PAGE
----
Passenger traffic was never heavy – for most of its life the branch was served by a two coach train, reduced to one for the last few years, travelling between the bay platform at Wellington and the terminus at Coalport. By the early fifties it was increasingly common for a Midland Red bus to replace the train, and the last passenger train ran on 31st May 1952. Goods traffic to and from Madeley ceased in Dcember 1960, with the closure of the line south of Stirchley – the whole branch was finally closed on 6th July 1964.

Madeley Market goods shed in 1917, showing (l to r) Tom Jones (porter), Jack Jones (foreman checker), Lindow Carrington (station master), Dick Rowley (checker), Tom Edwards (porter), Bert Ancocks and Billy Hicks (lorry driver).

Both Merrythought Toys of Ironbridge and Maws Tileworks of Jackfield used Madeley Market station as a more direct alternative to the Severn Valley, which ran within yards of their factories.

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The Route:

The old windmill near Madeley Court. The Coalport branch ran immediately behind the mill, crossing Gypsy Lane by the bridge that can just be seen bottom left. Some visitors have been puzzled by the position of the mill in such a sheltered spot – there wouldn’t have been enough wind to turn the sails! The answer is that the mill was built before the surrounding pit banks were thrown up, at one time this would have been an exposed location. At least one reader has suggested that it was in fact a watermill, but we think the location (nowhere near running water) and the shape rule this out. We think they are probably confusing it with the mill that once stood on the Washbrook at the far end of Madeley Court Pool.

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The line entered the present-day parish of Madeley near the Madeley Court Ironworks, having just crossed the GWR Lightmoor to Hollinswood line via an overbridge (the abutments of which can still be seen), the nearby windmill was used as accommodation by the men building the line. It then followed an embankment (part of the route of the present-day Silkin Way long distance footpath) to Madeley Market station (so called to avoid confusion with the GWR Madeley station, known as “Madeley Salop”, which lay just east of the bridge just mentioned) having crossed Madeley High Street by a wrought iron plate girder bridge, adjacent to the Forresters Arms public house. Local legend has it that during the Second World War one of the drivers on the line, who was married to the landlady of the pub, used to throw large lumps of coal down the embankment into the backyard of the Forresters (for the benefit of younger readers, this wasn’t out of spite – coal was scarce in wartime!).

Madeley Market Station from the 1883 Ordnance Survey Map. Within a few years the passing loop and east platform had been removed. As in many towns the coming of the railway led to some renaming of streets – Station Road was previously known as Barker’s Lane

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Following the fashion of the line, Madeley had extensive facilities considering the amount of traffic carried, especially passengers – the stretch through the station was originally double track with a platform either side, although it had been converted to one platform and single track by Edwardian times. The goods yard, now occupied by a small factory estate, once had three sidings and a large goods shed (carefully demolished brick by brick and beam by beam in the early 1980’s, supposedly so it could be re-erected in the nearby Blists Hill Museum – does anyone know what happened to it?). An identical goods shed can still be seen near Station Hill in Oakengates – I’ll try and get a photo soon.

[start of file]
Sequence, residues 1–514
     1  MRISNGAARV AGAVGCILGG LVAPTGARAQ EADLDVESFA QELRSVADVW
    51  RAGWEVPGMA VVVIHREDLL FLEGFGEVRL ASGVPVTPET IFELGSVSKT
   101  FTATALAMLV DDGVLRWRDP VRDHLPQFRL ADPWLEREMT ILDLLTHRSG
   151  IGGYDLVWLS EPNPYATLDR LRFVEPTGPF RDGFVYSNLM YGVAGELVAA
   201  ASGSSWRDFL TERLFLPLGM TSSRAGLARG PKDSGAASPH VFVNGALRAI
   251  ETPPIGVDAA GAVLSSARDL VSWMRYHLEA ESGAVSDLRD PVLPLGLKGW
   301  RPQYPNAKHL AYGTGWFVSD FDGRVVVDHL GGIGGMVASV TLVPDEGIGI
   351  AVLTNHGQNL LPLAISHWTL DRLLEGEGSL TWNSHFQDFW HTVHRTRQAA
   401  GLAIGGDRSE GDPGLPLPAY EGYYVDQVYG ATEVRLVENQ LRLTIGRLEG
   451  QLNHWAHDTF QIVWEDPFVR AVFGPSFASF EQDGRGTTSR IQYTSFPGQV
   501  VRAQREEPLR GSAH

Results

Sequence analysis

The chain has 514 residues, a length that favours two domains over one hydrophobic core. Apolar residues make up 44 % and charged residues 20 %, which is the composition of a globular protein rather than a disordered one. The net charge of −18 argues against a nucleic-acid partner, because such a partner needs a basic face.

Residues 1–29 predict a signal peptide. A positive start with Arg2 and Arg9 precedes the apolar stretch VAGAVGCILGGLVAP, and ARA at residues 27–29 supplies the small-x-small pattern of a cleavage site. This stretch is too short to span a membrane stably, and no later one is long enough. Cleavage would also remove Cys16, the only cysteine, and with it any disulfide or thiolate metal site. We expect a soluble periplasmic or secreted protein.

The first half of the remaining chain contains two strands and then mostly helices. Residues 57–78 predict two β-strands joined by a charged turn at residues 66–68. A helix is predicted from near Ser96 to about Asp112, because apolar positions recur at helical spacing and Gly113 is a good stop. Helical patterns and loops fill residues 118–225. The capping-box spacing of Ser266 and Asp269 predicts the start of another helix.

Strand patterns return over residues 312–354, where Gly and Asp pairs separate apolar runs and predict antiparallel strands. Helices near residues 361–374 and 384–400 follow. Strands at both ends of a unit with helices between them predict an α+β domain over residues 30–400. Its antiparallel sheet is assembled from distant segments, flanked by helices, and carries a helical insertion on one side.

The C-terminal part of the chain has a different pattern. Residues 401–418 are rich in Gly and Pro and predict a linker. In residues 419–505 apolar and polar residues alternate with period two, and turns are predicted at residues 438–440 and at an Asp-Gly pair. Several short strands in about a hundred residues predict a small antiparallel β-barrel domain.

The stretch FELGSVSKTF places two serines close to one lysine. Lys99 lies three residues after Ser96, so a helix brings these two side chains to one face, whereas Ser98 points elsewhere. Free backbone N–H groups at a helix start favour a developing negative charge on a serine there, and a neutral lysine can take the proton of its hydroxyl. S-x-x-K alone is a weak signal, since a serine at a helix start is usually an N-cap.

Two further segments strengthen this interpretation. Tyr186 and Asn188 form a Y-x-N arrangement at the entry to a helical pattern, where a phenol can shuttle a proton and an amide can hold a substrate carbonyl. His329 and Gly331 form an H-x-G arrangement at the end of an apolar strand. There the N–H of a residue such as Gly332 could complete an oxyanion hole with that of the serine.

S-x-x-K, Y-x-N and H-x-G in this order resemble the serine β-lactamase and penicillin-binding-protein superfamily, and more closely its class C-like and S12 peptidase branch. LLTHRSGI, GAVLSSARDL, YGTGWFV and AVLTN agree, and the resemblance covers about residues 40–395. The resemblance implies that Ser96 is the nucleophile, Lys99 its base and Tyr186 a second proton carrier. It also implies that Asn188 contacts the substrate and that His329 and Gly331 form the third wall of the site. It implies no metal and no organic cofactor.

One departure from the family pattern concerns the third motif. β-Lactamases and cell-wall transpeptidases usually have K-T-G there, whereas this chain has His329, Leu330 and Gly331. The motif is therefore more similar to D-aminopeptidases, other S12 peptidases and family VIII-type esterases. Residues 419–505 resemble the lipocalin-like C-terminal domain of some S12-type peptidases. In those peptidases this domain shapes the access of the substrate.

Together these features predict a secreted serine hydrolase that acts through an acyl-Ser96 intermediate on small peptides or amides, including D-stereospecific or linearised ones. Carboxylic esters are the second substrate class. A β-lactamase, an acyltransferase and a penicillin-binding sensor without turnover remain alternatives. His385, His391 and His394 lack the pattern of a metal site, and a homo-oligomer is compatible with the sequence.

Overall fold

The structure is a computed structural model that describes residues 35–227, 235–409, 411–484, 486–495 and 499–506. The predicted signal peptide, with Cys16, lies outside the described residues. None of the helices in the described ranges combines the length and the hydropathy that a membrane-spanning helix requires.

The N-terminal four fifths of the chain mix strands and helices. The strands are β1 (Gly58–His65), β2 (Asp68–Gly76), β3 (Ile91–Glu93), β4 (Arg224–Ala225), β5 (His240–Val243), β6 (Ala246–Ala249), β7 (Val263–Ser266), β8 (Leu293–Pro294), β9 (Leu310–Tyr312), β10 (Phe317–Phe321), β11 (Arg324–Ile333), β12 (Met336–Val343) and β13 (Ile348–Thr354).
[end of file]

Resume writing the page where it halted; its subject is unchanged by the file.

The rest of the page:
The tunnel at Blists Hill (really more of a wide bridge) under what used to be the main entrance to the Blists Hill works of the Madeley Wood Company.

The former railway is now the Silkin Way long distance footpath, the concrete surface covers the main storm drain and sewer leading to Coalport sewage works.

After leaving Madeley Market the line continued past Blists Hill, where it is crossed by the spectacular Lee Dingle bridge, carrying the tramway that connected the Meadow pit and the Blists Hill furnaces and brickworks (served by Legges Siding, installed in the 1920’s and named after the then owner of the brickworks), then shortly after passing through a tunnel under the old works entrance it began a descent of 1 in 31 – believed to be the steepest gradient over which locomotive-hauled standard gauge passenger trains have ever travelled in the UK. Due to the severe gradient goods trains were worked from Coalport to Stirchley by two locos, one at the back in case of coupling failure. As the line left the parish, heading for the nearby terminus at Coalport, it passed under a bridge carrying the inclined plane that once connected the transhipment basin of the Shropshire Canal at Coalport to the rest of the system.

Madeley’s other railway

– the old Great Western station near Madeley Court, on the line from Madeley Junction to Buildwas. Known as Madeley, Salop this station had a short history – opened 1st June 1854, closed March 22nd 1915 (as a war time economy measure), reopened July 13th 1925, closed finally September 21st 1925. Goods facilities were retained until 1963, the line is still used by coal trains serving Ironbridge Power Station.

Even during its days as a passenger station it was only served by a couple of workmen’s trains each day.